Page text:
The next group of files to process will be SOLIDWORKS Assemblies in ‘Released’ state. As with ‘Released’ parts, these would not be updated when editing a parent assembly so we need to upgrade them with the File Version Upgrade Tool (FVUT). Keep in mind that assemblies will typically take longer per file than parts, but upgrading the parts first will make the process quicker.
Next we will process SOLIDWORKS Parts in all other states (you can include all parts at this stage since the utility will automatically skip any files already upgraded).
For most companies the last group of files to process will be SOLIDWORKS Assemblies in all other states. Depending on your PDM and SOLIDWORKS settings as well as normal work processes, users may not be checking out all child references when they edit an assembly or drawing, so updating these assemblies may improve performance.
The final consideration is whether you wish to upgrade your SOLIDWORKS Drawings. Unless you open your actual SOLIDWORKS drawings regularly for reference purposes without checking them out you will not see much benefit from upgrading the file versions manually. This is because if the drawing is checked out to edit it the file format gets updated automatically during the first save. Drawings in Released state(s) will typically have PDF’s created of the released drawing version so for most users it is rare to need these to be updated.
Estimate Time Required Per File
Now that we have established the priority order of file types and states we can estimate the processing time per file, by selecting somewhere between 20 and 50 files at a time of each type (Parts and Assemblies) and running the utility on this file set to establish a baseline of time required to process files. This should only be used as a rough guideline, and I always round up on the estimated time per file.
For example, if I select 40 Part files and the utility takes 20 minutes to complete I can conservatively estimate that it will take roughly 30 seconds to convert each file, since I am not accounting for the time it takes to open and close SOLIDWORKS.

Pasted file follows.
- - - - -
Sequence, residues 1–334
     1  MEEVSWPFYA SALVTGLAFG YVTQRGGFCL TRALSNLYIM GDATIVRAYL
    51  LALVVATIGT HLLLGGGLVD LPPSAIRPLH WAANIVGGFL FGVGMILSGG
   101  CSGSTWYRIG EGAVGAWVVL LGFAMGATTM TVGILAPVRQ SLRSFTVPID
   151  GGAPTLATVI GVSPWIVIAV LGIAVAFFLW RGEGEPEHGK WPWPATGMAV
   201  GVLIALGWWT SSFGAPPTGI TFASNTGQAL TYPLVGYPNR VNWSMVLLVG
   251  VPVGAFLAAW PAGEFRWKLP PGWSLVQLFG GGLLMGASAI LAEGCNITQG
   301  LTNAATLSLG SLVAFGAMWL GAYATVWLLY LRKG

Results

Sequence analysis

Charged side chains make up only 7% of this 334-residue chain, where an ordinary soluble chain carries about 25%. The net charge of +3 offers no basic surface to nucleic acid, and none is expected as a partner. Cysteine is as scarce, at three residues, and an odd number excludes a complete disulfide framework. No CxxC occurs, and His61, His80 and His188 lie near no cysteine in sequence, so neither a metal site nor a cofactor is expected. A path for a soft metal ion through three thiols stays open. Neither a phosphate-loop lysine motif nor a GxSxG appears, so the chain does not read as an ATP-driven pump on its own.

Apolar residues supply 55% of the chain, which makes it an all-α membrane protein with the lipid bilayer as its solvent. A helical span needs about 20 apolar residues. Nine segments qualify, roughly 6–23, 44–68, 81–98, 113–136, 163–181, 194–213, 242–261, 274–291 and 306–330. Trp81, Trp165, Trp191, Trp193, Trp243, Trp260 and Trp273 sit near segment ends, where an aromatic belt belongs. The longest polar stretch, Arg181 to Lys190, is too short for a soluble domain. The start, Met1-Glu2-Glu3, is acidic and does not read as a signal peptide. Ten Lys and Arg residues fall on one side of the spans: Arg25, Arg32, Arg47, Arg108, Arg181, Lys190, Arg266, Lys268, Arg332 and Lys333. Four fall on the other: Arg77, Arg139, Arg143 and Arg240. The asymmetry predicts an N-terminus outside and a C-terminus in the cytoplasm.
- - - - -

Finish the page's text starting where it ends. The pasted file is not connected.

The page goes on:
Keep in mind that assemblies can vary greatly in file size and load times depending on the number of sub-assemblies and parts they contain, so try to select a reasonable cross-section of assembly sizes for this exercise.
Estimate Total Time Required for All Files
Now that we have a guesstimate on the time it will take to convert Parts and Assemblies we can run the File Version Upgrade Tool (FVUT) to build our sets of files in the 4 or 5 key categories listed previously. Once we determine the total number of files to be processed in each iteration of the process we can use the time per file estimate to estimate the total time required for that iteration and decide when and how to run the utility based on this information.
For example, let’s say the total number of Parts in Released state(s) is 2,500. Using our estimate of 30 seconds per file, we can do some quick math to come up with 1,250 minutes:
Now we can divide minutes by 60 to get hours:
In this case I would either split the work instructions up and run on 3 or more computers overnight (approximately 7 hours each), or run the batch on one computer over a weekend to ensure the File Version Upgrade Tool (FVUT) has plenty of time to complete and avoid it running during business hours.